Schwarzenegger Criticized for Fund-Raising

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Associated Press

SACRAMENTO, Calif. (AP) — Shortly before he was elected governor in 2003, Arnold Schwarzenegger stood in the state’s railroad museum, which he called a monument to the special interest that dominated California politics for decades until it was finally curbed in the early 1900s.

Californians, Schwarzenegger declared that day, believe their government “is corrupted by dirty money, closed doors and back-room dealing. They see the contributions go in, the favors go out and they’re punished with wasteful spending and high taxes.”

Now, as governor, Schwarzenegger is being accused of blatant hypocrisy over his own two-fisted fund-raising.

The Republican collected a record $26 million in contributions last year, much of it in big corporate checks from the pharmaceutical, insurance and energy industries. And this year he wants to raise twice that amount to push government-overhaul measures he is trying to put on the ballot this fall.

He has raised more money in more ways than former Gov. Gray Davis, whose own lusty fund-raising helped lead to his recall from office. To back his agenda, Schwarzenegger has created a network of nonprofit groups that do not reveal their sources of money or where they spend it. And he has sued the state’s election watchdog to let his allies raise more money than California regulations allow.

“This is Gray Davis on steroids,” said Jamie Court, president of the Foundation for Taxpayer and Consumer Rights, a Santa Monica consumer group.

Accusations of hypocrisy are growing louder as the man who once said he didn’t need outside money is spending increasing amounts of time raising it.

“He’s doing the exact opposite of what he said he would do,” said Raphael Sonenshein, a political science professor at California State University, Fullerton.

For his part, Schwarzenegger insists he can accept big campaign checks and remain completely independent, while his opponents cannot. The governor has said he is “representing the people’s interests, not the special interests, and not the unions’ interests.”

Schwarzenegger is pushing for ballot measures that would cut state spending; partially privatize public employees’ pensions; pay teachers according to merit, not seniority; and let retired judges, not lawmakers, draw legislative districts.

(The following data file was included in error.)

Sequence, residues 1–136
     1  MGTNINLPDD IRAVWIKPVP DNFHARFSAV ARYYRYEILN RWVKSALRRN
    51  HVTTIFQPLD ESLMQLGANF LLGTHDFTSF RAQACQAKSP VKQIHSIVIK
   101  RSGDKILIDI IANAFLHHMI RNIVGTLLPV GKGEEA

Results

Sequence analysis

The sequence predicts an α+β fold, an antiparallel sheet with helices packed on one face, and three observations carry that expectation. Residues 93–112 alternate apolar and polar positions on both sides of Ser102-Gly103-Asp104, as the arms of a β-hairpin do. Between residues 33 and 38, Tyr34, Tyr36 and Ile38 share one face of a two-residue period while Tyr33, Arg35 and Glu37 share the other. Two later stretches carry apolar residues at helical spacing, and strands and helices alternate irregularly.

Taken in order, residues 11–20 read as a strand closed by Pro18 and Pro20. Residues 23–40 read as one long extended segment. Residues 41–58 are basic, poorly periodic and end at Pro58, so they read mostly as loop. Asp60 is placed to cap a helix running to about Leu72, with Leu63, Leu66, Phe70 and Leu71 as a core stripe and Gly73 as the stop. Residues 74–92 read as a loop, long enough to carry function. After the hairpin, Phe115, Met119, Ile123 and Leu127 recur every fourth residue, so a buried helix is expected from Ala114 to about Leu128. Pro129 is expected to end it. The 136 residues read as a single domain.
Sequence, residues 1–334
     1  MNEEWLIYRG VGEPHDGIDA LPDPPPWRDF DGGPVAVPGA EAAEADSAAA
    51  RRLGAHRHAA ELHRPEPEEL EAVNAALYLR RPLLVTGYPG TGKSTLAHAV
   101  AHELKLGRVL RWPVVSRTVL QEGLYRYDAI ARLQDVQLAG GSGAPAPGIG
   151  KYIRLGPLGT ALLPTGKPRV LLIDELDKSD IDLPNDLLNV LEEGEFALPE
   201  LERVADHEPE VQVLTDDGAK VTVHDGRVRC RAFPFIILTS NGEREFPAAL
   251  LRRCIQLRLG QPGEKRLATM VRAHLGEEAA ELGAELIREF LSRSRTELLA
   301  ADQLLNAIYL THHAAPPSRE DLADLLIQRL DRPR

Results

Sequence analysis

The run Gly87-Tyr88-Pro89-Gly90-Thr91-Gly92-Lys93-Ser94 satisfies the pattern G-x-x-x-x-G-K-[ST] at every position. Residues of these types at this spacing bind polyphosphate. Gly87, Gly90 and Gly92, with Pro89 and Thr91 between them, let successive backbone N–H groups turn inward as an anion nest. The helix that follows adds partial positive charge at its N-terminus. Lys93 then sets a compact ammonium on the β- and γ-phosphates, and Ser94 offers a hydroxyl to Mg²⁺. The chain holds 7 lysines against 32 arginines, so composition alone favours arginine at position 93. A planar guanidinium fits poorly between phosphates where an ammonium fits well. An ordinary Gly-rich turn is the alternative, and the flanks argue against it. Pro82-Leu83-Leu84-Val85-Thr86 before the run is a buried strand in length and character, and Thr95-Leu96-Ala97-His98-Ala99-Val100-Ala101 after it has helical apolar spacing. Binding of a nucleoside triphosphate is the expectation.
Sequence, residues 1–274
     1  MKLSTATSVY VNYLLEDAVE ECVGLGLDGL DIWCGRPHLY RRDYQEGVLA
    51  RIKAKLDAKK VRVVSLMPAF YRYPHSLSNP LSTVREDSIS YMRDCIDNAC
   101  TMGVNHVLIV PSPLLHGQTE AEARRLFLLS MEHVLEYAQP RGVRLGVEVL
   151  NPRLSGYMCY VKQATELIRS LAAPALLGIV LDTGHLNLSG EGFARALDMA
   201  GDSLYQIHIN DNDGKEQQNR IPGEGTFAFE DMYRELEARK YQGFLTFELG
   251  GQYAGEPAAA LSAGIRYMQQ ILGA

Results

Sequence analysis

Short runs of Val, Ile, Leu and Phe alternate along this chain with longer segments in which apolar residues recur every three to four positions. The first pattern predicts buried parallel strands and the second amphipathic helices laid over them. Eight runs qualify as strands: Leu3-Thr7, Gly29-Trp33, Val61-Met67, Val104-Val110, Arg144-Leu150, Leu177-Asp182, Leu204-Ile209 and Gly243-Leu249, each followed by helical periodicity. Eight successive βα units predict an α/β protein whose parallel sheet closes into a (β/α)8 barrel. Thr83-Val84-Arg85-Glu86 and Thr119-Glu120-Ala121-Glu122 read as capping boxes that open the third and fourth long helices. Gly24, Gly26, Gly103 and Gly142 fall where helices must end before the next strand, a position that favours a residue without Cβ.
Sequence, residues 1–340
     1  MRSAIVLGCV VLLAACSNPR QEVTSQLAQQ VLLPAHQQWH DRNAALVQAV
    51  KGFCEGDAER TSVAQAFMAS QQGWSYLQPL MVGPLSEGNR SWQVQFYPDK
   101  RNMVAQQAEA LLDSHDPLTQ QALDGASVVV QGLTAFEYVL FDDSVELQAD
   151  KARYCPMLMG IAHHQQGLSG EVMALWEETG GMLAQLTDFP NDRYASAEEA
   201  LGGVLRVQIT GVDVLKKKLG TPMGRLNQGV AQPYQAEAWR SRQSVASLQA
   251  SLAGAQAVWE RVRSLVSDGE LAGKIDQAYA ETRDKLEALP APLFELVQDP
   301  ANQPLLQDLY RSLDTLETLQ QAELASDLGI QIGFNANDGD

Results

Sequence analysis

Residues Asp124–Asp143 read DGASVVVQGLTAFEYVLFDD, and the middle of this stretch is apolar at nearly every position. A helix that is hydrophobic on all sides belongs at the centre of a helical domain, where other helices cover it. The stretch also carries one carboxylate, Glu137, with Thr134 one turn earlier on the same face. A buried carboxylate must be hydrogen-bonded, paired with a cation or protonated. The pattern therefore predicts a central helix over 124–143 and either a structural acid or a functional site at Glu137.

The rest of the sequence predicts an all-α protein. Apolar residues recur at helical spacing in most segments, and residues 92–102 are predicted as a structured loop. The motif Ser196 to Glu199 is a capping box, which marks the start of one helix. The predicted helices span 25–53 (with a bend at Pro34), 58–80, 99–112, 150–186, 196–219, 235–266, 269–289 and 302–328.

This month he completed a fund-raising swing through Washington, New York and Cincinnati. Last week he had events in Sacramento and Los Angeles.

In Cincinnati, financier Carl Lindner, who owns baseball’s Cincinnati Reds, and his wife, Edith, each gave $22,300, the maximum allowed under California law, to the California Recovery Team, a political fund controlled by Schwarzenegger. He also gave $200,000 to Citizens to Save California, a coalition of business and anti-tax interests raising money to support Schwarzenegger’s proposals.

At the New York fund-raiser, he took $22,300 from the American International Group, the huge insurance company whose chief executive, Maurice “Hank” Greenberg was forced to resign last week amid investigations into AIG‘s business practices.

At each stop, wealthy Republicans and corporate lobbyists stood in line to pay as much as $100,000 to share a meal, a photo and a brief moment with the governor. At each stop, too, have been protesters; on March 16 in Los Angeles, close to 1,000 union members shut down the streets surrounding the Century Plaza Hotel.

Despite his claims of independence, critics see troubling instances of the governor’s policy decisions intersecting with the desires of his contributors.

The trade group representing the nation’s biggest drug manufacturers emerged in recent months as one of Schwarzenegger’s biggest supporters after the governor vetoed four bills in September that would have made it easier for Californians to buy cheaper prescription drugs from Canada. So far, the Pharmaceutical Research and Manufacturers of America Alliance has raised almost $8 million from drug companies to get voters to approve a discount drug plan backed by Schwarzenegger. Schwarzenegger and his aides said contributions have no effect on his decisions; donors, they said, give because they support his overall goals.

The governor has brought some of the problem on himself, said Allan Hoffenblum, a GOP consultant.

“He gave the impression that he would not need to raise money, and many people perceive what he’s doing now as hypocritical,” Hoffenblum said. “And secondly, he never defined what special interests were.”
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